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Keywords:

  • Parkinson's disease;
  • magnetic resonance imaging;
  • neuromelanin

Abstract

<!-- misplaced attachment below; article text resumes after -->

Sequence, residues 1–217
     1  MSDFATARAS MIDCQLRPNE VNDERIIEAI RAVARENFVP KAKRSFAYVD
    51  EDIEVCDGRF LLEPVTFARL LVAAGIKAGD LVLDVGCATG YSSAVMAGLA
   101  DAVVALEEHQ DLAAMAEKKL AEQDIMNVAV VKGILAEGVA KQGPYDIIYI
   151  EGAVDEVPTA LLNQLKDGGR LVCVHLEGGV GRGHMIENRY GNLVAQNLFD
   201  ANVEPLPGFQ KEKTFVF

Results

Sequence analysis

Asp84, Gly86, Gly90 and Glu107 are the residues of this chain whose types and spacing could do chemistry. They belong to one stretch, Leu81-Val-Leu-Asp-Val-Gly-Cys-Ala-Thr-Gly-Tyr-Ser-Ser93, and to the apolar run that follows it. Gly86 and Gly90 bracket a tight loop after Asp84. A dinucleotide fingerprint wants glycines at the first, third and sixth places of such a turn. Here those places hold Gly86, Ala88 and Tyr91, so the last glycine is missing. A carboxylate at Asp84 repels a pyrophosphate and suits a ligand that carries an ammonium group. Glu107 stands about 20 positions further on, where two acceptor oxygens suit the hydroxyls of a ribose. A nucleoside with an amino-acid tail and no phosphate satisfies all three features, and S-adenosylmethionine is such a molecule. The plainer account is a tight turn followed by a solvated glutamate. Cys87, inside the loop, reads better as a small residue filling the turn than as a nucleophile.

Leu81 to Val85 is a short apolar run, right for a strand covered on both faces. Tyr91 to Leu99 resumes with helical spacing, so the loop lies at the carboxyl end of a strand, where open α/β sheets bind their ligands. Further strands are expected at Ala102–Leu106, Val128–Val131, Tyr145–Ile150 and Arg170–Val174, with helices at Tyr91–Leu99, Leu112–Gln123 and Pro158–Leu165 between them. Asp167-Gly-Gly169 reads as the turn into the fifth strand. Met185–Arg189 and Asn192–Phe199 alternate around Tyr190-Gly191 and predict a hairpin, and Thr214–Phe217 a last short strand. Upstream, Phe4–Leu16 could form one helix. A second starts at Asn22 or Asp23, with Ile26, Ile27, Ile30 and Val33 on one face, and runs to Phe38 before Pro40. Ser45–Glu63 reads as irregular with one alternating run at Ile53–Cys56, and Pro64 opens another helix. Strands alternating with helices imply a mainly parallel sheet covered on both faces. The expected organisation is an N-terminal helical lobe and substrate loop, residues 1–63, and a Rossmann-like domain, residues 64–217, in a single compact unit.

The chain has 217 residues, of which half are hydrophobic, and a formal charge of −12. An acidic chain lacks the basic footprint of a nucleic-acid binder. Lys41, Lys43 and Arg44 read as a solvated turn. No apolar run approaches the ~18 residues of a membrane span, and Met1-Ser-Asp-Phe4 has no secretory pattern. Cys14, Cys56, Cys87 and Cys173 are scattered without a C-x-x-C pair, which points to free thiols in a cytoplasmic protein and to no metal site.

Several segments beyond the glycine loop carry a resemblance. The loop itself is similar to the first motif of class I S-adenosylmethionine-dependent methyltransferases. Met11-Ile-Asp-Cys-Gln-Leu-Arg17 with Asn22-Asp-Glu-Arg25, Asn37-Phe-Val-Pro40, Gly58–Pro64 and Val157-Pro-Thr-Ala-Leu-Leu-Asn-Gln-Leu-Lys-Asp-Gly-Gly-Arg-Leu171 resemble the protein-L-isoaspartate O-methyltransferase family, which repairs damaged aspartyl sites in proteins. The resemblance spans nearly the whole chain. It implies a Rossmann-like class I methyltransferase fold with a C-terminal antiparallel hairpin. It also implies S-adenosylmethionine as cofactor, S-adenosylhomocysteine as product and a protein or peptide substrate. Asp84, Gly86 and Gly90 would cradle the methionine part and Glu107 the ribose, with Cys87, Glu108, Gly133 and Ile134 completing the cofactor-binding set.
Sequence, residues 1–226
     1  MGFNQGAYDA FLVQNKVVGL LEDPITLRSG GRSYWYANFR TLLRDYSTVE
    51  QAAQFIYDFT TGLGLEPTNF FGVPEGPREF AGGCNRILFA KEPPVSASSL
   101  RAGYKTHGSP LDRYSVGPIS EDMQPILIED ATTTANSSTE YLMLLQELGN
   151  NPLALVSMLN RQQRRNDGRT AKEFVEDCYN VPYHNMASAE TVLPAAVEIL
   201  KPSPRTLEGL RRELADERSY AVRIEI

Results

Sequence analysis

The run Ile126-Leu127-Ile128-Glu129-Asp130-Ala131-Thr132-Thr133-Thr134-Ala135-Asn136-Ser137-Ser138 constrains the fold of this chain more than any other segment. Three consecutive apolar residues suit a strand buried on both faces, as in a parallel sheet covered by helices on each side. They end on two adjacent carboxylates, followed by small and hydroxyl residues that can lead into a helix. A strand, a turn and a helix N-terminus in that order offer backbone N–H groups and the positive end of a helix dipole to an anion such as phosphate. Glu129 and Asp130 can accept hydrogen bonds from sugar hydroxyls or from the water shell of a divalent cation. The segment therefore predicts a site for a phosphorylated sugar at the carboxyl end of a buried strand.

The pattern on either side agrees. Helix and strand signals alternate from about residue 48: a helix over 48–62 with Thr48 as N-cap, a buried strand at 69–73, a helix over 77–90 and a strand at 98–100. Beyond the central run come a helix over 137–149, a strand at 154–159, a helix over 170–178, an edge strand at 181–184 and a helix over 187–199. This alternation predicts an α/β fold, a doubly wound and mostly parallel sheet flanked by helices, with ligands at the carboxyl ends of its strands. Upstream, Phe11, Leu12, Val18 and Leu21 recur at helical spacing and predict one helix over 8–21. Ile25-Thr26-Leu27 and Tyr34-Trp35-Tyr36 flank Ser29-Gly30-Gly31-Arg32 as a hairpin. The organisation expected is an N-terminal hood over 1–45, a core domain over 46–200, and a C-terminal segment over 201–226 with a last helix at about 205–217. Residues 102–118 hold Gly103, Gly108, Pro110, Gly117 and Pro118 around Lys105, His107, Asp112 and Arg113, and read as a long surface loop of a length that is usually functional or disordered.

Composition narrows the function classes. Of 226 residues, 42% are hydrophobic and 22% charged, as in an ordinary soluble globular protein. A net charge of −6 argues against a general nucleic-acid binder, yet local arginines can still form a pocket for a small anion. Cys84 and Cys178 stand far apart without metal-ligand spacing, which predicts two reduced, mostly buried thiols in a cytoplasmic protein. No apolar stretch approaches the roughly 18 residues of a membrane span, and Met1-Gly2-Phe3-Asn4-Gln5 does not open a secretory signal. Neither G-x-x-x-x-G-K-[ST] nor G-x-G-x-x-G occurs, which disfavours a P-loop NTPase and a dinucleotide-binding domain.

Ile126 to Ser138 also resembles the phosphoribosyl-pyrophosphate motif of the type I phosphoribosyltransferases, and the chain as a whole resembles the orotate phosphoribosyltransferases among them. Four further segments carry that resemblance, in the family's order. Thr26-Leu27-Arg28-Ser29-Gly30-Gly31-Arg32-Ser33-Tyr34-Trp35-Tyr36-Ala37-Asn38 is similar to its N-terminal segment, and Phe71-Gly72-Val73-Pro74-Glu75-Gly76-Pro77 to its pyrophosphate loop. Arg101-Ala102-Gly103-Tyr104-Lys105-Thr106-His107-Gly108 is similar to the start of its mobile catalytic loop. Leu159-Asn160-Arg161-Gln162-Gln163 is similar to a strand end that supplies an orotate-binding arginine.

Depigmentation of the substantia nigra is a conspicuous pathological feature of Parkinson's disease and related to a loss of neuromelanin. Similar to melanin, neuromelanin has paramagnetic properties resulting in signal increase on specific T1-weighted magnetic resonance imaging. The aim of this study was to assess signal changes in the substantia nigra in patients with Parkinson's disease using an optimized neuromelanin-sensitive T1 scan. Ten patients with Parkinson's disease and 12 matched controls underwent high-resolution T1-weighted magnetic resonance imaging with magnetization transfer effect at 3T. The size and signal intensity of the substantia nigra pars compacta were determined as the number of pixels with signal intensity higher than background signal intensity + 3 standard deviations and regional contrast ratio. Patients were subclassified as early stage (n = 6) and late stage (n = 4) using the Unified Parkinson's Disease Rating Scale and the Hoehn and Yahr Parkinson's disease staging scale. The T1 hyperintense area in the substantia nigra was substantially smaller in patients compared with controls (−60%, P < .01), and contrast was reduced (−3%, P < .05). Size reduction was even more pronounced in more advanced disease (−78%) than in early-stage disease (−47%). We present preliminary findings using a modified T1-weighted magnetic resonance imaging technique showing stage-dependent substantia nigra signal reduction in Parkinson's disease as a putative marker of neuromelanin loss. Our data suggest that reduction in the size of neuromelanin-rich substantia nigra correlates well with postmortem observations of dopaminergic neuron loss. Further validation of our results could potentially lead to development of a new biomarker of disease progression in Parkinson's disease. © 2011 Movement Disorder Society